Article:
By: Julia Chance
In 2003, the John F. Kennedy Library and Museum in Boston held a special exhibit celebrating the 50th anniversary of the Jacqueline Bouvier and John F. Kennedy nuptials. Visitors got to see various mementos from the 1953 wedding, considered the social event of the season at the time. A highlight of the exhibit was Bouvier’s ivory silk-taffeta bridal dress, which received a lot of media attention for its exquisite design. It also sparked renewed interest in the woman who made it: Ann Lowe, a little-known African-American designer who specialized in formal wear for wealthy socialites.
“I first learned about Ann Lowe years ago when I went up to what was then the Black Fashion Museum in Harlem,” recalls Valerie Steele, fashion historian and director of the Museum at the Fashion Institute of Technology in New York City, where several of Lowe’s dresses are housed. “What struck me was that she was a custom dressmaker to elite, white society, which was a significant genre,” says Steele.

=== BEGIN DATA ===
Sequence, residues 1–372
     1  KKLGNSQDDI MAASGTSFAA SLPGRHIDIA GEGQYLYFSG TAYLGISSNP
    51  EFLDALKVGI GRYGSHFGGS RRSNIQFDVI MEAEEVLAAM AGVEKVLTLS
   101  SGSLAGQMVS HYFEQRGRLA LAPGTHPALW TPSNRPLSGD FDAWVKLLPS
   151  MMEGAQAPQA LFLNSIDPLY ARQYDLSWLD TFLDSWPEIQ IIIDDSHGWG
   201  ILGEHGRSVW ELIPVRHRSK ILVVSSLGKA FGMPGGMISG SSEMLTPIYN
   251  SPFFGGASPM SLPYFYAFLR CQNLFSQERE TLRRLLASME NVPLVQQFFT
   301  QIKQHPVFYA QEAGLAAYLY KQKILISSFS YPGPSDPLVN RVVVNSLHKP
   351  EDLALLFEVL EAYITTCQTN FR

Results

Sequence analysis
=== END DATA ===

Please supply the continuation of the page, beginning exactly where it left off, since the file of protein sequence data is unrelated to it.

“I love my clothes and I’m particular about who wears them,” Lowe famously told Ebony magazine. “I am not interested in sewing for café society or social climbers. I do not cater to Mary and Sue. I sew for families of the Social Register.” The story of how she became one of their most sought-after designers is quite remarkable.
Born in 1898 in Clayton, Ala., Lowe came from a family of dressmakers. Her grandmother Georgia Cole made clothes for her plantation mistress before becoming a free woman in 1860, and her mother, Jane Lowe, was an expert seamstress and embroiderer. Learning from both women, Lowe became skilled at creating intricate fabric flower adornments that would later become one of her signatures. The women eventually moved to Montgomery, Ala., where they ran a successful dressmaking business. When her mother died suddenly while making gowns for the governor’s wife and daughters, Lowe, then 16, completed the project and subsequently headed the family business.
A wealthy Floridian impressed with Lowe’s skills invited her to move to Tampa and become her family’s seamstress. As word of her talent spread, her clientele increased.
“There have always been black women who were dressmakers,” says Audrey Smaltz, former Ebony Fashion Fair commentator and founder of …